COLUMBIA, MO. -- If she keeps at it, Prof. Robbie Lieberman ought to earn a battlefield promotion for the combat of teaching. She isn't under attack from her students or from her University of Missouri faculty colleagues. Both groups respect Lieberman as a gifted and well-credentialed professional. The hits she is taking are from reactionary alarmists who see Lieberman's course, Introduction to Peace Studies, as the "equivalent of academic AIDS."

''Subversive 'Peace Studies' Courses Spreading in American Schools'' reads the headline on the current bulletin from the Foundation Endowment. The Alexandria, Va., group, perpetually fretting about ''how communism is spreading throughout the West and Third World countries via infiltration of unions, media and education systems,'' includes the University of Missouri as one of the scenes of subversion. Others range from Georgetown, Colgate and Catholic universities to Gustavus Adolphus College in Minnesota: ''These courses as taught in American schools are very dangerous.''

Some of the dangers lurking in Lieberman's course are found in her syllabus. The essays being read this semester include Martin Luther King Jr.'s ''Letter From a Birmingham Jail,'' Margaret Mead's ''Warfare Is Only an Invention,'' Erich Maria Remarque''s ''All Quiet on the Western Front,'' George Kennan's ''Two Views of the Soviet Problem'' and Richard Barnet's ''The Illusion of Security.''

Lieberman writes in her syllabus: ''Some of the material is likely to arouse deep feelings and passionate commitment to particular viewpoints. There will be many class discussions, in which disagreement will be encouraged and welcomed. . . . You are expected to think critically and develop your own point of view.''

Some subversion. Fringe groups on the right used to see communists behind every bush. Now they're in front of every blackboard. The Foundation Endowment, whose president is M. Stanton Evans, an old-line conservative milk horse ever hauling right-wing causes down dead-end streets, is predictably irrational.

Other opponents of the kind of courses offered by Lieberman should be expected to know better, but keep on shrieking nevertheless. One of these is Herbert London, a dean at New York University. In an article, ''Peace in the Classroom,'' in the current Newsweek "On Campus," he is quoted: ''Peace studies is the academic liberal's latest effort to impose his brand of peace on an unwary student population. . . . In the 1920s, people who taught such nonsense at least had the courage to define their position as pacifism. Their views didn't masquerade as a new scholarly discipline.''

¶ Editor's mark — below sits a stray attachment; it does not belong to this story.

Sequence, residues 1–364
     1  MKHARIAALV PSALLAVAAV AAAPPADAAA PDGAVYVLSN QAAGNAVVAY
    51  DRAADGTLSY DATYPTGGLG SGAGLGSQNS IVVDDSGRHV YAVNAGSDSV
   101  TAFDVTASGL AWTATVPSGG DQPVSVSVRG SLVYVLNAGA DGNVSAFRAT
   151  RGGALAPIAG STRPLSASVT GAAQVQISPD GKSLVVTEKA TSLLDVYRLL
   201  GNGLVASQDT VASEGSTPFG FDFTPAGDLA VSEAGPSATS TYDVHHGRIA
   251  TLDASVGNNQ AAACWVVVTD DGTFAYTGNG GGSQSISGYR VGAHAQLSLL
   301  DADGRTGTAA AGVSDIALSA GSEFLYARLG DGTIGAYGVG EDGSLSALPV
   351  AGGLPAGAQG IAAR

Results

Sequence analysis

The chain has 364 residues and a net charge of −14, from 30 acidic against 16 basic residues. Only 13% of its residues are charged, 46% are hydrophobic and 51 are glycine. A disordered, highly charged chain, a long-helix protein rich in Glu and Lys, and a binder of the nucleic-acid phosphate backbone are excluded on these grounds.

The Evans crowd sees subversion, London sees manipulation and fakery. Both oppugners need an optician for new lenses. Is Lieberman, who directs Missouri's 16-year-old peace-studies program, lying to her students and concealing her brand of peace when she brings to class speakers from the nearby Whiteman Air Force Base or assigns Jeane Kirkpatrick's essay, ''The Lesser Evil Over the Greater Evil''?

If peace-studies or conflict-resolution courses aren't needed or aren't credible, why are students enrolling in them? A World Policy Institute study by Barbara Wein reports that majors, minors and concentrations in peace studies were offered at 235 universities and colleges last year. Forty-six percent of all universities and colleges have at least one course, up from 14 percent in 1979.

The numbers doubtlessly send the right into louder and longer mouth-frothing fits. It can relax. Most peace-studies programs are underfunded by administrators and overlooked by deans. Professors such as Lieberman hole up in offices smaller than the janitor's closet. They keep their programs funded by being creative scroungers.

In the past five years, I have come to know several dozen peace-studies teachers and have been one myself. All that's at work is marketplace demand. Students -- the consumers harried by annual tuition hikes of 8 to 10 percent -- want for their money something more enlightening than sterile courses that offer no intellectual options to violence from wars, capital punishment and harming the environment.

Courses in war studies flourish -- 1,200 campuses have ROTC programs, gorged by an annual $530 million from the Pentagon. Robbie Lieberman is aware of the imbalance. ''Every college student in Missouri has access to an ROTC program,'' she says, ''but I can tell you they don't have access to a peace-studies program. It won't be academically fair until they do.''

The issue is options. From early grades, American children are taught that wars have been necessary and that violence, though messy, has been effective. Violence is portrayed in children's cartoons as fun and in films as manliness. Peace-studies courses offer another view of resolving conflict, as found in the theories and actions of King, Gandhi, Addams, Muste, Day, Rankin and other heroes of nonviolence.

If you trust students -- which evidently few on the far right do -- let them choose what to put into their hearts, a philosophy of nonviolence or an acceptance of killing. The popularity of peace-studies courses shows that students are choosing wisely